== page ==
It's 57 kilometers, and Floyd Landis will leave at 10:09 Eastern, 3 minutes before CSC's Carlos Sastre, who will leave 3 minutes before Caisse d'Epargne's Oscar Pereiro. We should get plenty of split-screen action, as Pereiro leads Sastre by only 12 seconds and Landis by only 30 seconds.
One for the old guys early, as Discovery Channel's Viatcheslav Ekimov has come in with the best time of the first 60 riders, at 1:11:26.59.
Second is Landis teammate Bert Grabsch, just 2 seconds behind.
Zabriskie comes through, scorching the 2nd half of the course. He didn't show up in the top 5 at either of the early time checks, he was 3rd at the 3rd time check, and he's 6 seconds faster than Ekimov, at 1:11:20.9. And almost immediately, Gerolsteiner's Sebastian Lang, the 69th finisher, cuts 17 seconds off Zabriskie's time: 1:11:03.83.
Sergei Honchar has beaten Lang's times at TC1 and TC2; 2:07 (!) faster than Lang at the 34-kilometer check.
Hincapie rolls out; 31 riders to go. Out on the course, he fidgets with his computer sensor. He's sporting a new paint scheme on his helmet -- a Flying Tigers-style shark head. Pavel Padrnos has the same, so it's probably a team thing -- promoting Shark Week on the Discovery Channel, perhaps?
David Millar comes in at 1:11:46, 5th for now.
Chavanel comes through TC2 with a tissue stuffed in his left nostril; the commentators think he's had a nosebleed.
Honchar 1:07:45.81! That's likely to be the time to beat.
Phonak's Robbie Hunter, who finished in 1:25:54, will be outside the (fastest time + 25 percent) elimination time.
Michael Rasmussen has set off; he had a catastrophic last time trial last year, falling off, switching bikes, and losing 7:47 to Lance Armstrong.
Marcus Fothen is on the course, looking to retake the young rider's white jersey, currently worn by Damiano Cunego, who sets off next.
Levi Leipheimer is off, wearing the red race numbers awarded to yesterday's most agressive rider.
World time trial champion Michael Rogers is off, and we're down to the Top 10.
Vande Velde comes through TC2 just behind teammate Zabriskie.
Chris Horner finished in 1:16:41, which will be mid-pack.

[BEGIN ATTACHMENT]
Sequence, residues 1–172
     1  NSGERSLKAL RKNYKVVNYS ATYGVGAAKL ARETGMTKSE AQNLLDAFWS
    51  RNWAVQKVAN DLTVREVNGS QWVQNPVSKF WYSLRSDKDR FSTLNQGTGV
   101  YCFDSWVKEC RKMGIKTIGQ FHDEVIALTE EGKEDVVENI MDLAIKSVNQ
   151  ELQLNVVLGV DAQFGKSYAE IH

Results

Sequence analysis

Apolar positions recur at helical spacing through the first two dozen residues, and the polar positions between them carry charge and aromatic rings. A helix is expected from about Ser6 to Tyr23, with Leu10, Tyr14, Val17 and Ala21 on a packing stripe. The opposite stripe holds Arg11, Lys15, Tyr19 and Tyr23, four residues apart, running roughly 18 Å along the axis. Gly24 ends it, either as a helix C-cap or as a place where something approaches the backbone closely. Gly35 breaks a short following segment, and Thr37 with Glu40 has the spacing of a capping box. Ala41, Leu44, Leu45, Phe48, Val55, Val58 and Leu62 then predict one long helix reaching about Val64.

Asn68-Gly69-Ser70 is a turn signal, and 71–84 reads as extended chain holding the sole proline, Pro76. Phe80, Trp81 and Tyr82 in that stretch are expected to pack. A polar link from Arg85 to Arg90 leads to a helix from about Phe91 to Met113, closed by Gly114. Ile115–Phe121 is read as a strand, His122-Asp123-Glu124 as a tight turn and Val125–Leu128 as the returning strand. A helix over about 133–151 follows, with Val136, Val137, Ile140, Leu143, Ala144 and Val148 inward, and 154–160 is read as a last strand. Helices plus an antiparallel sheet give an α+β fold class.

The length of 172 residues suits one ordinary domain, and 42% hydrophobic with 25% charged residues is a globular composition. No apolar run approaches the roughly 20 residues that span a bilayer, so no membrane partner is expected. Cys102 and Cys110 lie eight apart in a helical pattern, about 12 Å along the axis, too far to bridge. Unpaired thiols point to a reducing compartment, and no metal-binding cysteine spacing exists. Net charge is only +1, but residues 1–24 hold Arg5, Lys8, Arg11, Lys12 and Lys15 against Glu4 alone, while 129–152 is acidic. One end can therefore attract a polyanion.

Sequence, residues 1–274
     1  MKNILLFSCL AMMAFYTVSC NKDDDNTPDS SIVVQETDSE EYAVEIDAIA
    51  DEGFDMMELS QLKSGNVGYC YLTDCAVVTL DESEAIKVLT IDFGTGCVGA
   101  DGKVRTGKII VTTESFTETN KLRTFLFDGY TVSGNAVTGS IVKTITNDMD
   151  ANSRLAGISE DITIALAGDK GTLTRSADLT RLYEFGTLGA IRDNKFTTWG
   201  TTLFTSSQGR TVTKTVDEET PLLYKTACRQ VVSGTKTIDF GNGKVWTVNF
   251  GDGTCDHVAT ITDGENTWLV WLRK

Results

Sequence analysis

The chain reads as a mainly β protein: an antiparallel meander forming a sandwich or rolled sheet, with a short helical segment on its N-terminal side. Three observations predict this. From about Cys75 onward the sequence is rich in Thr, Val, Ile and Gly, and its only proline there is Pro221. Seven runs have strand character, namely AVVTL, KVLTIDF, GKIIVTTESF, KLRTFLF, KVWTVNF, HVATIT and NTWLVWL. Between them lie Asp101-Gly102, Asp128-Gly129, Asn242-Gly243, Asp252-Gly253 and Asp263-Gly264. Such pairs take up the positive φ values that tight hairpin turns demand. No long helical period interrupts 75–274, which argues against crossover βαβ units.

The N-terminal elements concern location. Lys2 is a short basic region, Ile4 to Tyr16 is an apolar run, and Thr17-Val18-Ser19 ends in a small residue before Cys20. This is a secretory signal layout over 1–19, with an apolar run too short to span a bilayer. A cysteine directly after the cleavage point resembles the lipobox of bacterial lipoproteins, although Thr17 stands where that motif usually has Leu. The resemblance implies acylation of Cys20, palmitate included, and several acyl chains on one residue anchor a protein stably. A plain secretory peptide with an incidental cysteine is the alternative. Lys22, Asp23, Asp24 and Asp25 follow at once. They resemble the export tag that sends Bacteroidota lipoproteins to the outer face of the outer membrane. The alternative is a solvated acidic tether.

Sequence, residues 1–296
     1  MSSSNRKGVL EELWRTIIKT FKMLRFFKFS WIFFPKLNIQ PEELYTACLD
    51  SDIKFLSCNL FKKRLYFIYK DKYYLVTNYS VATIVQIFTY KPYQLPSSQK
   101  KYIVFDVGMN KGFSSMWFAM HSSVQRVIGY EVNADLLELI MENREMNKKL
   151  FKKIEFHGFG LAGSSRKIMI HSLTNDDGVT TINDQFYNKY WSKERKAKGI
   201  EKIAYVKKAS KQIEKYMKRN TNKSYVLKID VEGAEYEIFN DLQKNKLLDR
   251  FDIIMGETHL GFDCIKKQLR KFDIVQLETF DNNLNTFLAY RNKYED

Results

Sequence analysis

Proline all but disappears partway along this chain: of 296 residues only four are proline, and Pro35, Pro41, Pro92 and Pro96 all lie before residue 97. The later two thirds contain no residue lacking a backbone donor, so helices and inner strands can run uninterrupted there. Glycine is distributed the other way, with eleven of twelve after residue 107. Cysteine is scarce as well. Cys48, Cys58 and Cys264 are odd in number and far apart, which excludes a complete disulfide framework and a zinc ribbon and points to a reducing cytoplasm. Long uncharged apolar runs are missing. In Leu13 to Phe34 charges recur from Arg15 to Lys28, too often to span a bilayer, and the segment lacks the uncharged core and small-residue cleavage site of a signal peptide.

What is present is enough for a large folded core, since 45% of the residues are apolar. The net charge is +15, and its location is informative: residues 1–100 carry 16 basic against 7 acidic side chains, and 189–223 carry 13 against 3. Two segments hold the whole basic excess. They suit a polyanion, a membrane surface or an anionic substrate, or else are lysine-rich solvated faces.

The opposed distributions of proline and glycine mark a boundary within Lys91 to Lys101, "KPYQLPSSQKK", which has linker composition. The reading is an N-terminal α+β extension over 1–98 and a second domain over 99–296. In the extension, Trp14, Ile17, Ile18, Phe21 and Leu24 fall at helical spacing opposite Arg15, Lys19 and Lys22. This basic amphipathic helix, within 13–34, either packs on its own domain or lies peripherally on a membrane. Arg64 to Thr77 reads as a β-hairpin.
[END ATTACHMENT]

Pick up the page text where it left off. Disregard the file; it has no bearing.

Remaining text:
Chavanel finishes in a respectable 1:12:17.44.
Menchov sets off, currently 6th.
Cadel Evans sets off, looking for the best placing ever in the Tour by an Australian. Phil Anderson twice finished 5th, which is where Evans sits, 39 seconds behind T-Mobile's Andreas Klöden, who sets off 3 minutes behind him.
Hincapie finishes in 1:13:15. Cunego has actually been faster than Fothen at TC1, coming through 4 seconds slower than Lang. Is he going too hard early?
Landis is waiting in the start house. No smiles this morning. Karpets 1:12:42.
Landis is out. Looks smooth. Sastre rolls, as Pereiro waits just behind.
Sastre looks tentative to me -- he's staying up on the brake hoods on sections where Landis was on his aerobars.
Pereiro is rolling. Everyone is on the course or done now.
Vande Velde finishes in 1:12:37.44. That will factor in to the CSC/T-Mobile battle for the team competition.
Sastre is 1:05 slower than Landis at TC1! Pereiro is the only one left, and he comes through only 10 seconds slower than Landis; that's an amazing time for Pereiro after 16kms of 57 today.
Cunego likes that white jersey; at TC3, he's 5 seconds slower than Zabriskie, and 35 seconds faster than Fothen.
The split screen view has Landis and Pereiro sitting equal on the road now, with Landis 4 minutes shy of Time Check 2.
Evans hits TC2 in 43:34; Klöden hits it in 41:52.9 behind only Honchar so far.
Landis is losing time to Honchar: 41:45.9 at the 2nd time check.
Sastre is riding off the podium: He hits TC2 in 44:05. Klöden is already 2 minutes faster than that.
Pereiro: 42.42:50 -- Landis is the leader on the road!
T-Mobile's Rogers comes through the finish in 1:12:20.72. Looks like T-Mobile will win the team competition.
Landis nears the 3rd time check, at 51.5 kilometers. Pereiro looks like he's hurting on the road. Klöden is closing in on Cadel Evans; he hit TC3 47 seconds behind Honchar 1:03:22 to Honchars 1:02:36. Landis comes in 1:03:43.
Dessel finishes in 1:13:43.57. Menchov comes to the line: 1:12:18.55; he'll go top 20 on the day, maybe top 15.
Klöden catches Evans with about a kilometer to go. He sits way too long in Evans' draft, and sprints to the finish in 1:08:26.17. He didn't catch Honchar, but may be 2nd on the stage.
Sastre hits TC3 in 1:07:02, more than 3:30 behind Klöden. Pereiro clocks 1:05:14. Looks like Pereiro will hold Klöden off for 2nd -- he was faster than Lang, Zabriskie, and Ekimov at TC3.
Sastre comes to the line in 1:12:27.58; he'll be 20th on the day. Here comes Pereiro, gritting his teeth, comes out of the saddle: 1:10:25.19, and that does it: Floyd Landis will win the Tour de France!
Posted by Frank Steele on July 22, 2006 in Andreas Klöden, Cadel Evans, Carlos Sastre, Christian Vande Velde, Damiano Cunego, Dave Zabriskie, David Millar, Denis Menchov, Floyd Landis, Levi Leipheimer, Michael Rogers, Oscar Pereiro, Sergei Honchar, Tour de France 2006 | Permalink | Comments (5)